A famous cricketer just set Twitter on fire with this HR pun
New Zealand tasted victory yesterday, knocking India out of the Cricket World Cup and advancing to the final against either England or Australia. However, it was an HR joke which stole the show after bad weather suspended the match on Tuesday.
As the rain continued to prevent play, Virender Sehwag, former Indian cricketer and legendary batsman, poked fun at the Duckworth-Lewis method – which is used to determine weather-affected matches.
Sehwag suggested that employees might like to be paid by those rules – essentially cutting down the time they’d have to spend in the office.
Will it be advantage employees if Salary is given by Duckworth Lewis in rainy months. If baarish mein bhi employee is coming to office. What do HR log think?— Virender Sehwag (@virendersehwag) July 9, 2019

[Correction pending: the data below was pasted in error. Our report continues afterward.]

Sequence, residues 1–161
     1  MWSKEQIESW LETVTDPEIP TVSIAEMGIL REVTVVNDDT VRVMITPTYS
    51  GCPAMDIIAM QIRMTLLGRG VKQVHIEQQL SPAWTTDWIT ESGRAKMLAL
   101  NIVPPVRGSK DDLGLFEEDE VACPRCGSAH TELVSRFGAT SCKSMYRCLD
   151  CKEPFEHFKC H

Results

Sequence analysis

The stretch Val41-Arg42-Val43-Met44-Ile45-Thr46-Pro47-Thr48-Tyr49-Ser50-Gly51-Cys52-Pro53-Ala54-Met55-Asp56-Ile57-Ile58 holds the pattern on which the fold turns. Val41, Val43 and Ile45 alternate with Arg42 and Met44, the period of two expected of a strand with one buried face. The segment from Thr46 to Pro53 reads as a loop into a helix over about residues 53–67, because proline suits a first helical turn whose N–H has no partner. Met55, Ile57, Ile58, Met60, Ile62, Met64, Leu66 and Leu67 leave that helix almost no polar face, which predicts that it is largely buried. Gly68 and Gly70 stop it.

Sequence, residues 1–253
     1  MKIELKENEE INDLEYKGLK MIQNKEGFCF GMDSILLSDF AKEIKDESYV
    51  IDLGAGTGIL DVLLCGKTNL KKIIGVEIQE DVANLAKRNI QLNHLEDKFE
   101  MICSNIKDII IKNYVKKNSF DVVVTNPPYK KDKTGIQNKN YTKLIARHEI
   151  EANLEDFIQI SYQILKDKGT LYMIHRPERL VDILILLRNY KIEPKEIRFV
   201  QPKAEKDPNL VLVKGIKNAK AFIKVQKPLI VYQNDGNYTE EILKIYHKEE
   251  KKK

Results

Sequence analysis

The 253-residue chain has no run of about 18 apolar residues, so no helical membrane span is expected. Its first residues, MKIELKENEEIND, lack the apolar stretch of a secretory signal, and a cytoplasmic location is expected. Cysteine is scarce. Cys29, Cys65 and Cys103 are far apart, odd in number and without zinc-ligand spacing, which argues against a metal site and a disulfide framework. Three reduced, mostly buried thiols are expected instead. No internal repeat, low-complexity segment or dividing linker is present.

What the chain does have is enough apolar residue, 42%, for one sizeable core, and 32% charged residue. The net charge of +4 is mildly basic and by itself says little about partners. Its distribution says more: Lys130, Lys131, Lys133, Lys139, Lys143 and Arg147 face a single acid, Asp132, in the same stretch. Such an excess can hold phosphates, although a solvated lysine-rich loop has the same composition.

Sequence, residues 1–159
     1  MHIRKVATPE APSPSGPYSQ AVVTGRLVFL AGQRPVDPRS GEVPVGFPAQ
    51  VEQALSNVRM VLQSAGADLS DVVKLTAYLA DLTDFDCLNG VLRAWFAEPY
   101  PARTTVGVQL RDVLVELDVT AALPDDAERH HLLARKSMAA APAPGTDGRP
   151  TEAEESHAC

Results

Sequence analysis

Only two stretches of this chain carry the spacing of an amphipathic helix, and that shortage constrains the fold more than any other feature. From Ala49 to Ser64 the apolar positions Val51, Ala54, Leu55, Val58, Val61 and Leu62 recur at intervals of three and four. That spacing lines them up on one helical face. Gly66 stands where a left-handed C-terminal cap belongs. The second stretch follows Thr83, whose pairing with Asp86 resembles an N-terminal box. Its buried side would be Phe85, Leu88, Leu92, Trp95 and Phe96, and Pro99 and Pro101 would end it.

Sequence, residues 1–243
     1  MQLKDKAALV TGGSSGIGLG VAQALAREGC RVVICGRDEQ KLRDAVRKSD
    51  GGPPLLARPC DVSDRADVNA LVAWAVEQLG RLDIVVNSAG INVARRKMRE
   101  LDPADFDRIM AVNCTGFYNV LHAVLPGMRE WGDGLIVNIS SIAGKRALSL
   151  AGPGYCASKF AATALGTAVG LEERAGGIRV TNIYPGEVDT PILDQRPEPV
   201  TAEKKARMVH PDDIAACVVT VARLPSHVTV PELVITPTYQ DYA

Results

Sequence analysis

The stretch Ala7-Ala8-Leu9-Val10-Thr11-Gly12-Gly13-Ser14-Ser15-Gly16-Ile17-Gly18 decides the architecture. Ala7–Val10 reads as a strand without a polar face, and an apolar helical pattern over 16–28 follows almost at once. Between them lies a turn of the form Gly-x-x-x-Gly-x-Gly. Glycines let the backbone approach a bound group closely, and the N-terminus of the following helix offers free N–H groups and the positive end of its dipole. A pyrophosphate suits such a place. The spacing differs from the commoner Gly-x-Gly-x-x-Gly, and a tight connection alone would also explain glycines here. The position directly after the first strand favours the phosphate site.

Sehwag tweeted: “Will it be advantage employees if salary is given by Duckworth Lewis in rainy months…What does HR log think? [sic]”
The tweet amassed a viral response from users online, with many questioning the validity of such a method.
HR has always been the frontrunner in promoting good clean fun – however, it’s important that employees know when not to cross the line. After all, one worker’s banter is another’s discrimination.
And whilst this joke may be a good quip given the context, lost productivity is no joke for employers. One way some global organizations are combatting the slump in work ethic is through decreasing the length of the working week to just four days.
In fact, a recent trial at the University of Auckland found that staff stress was dramatically reduced after a four-day week was implemented – from 45% to 83% - with work-life balance improving 24%.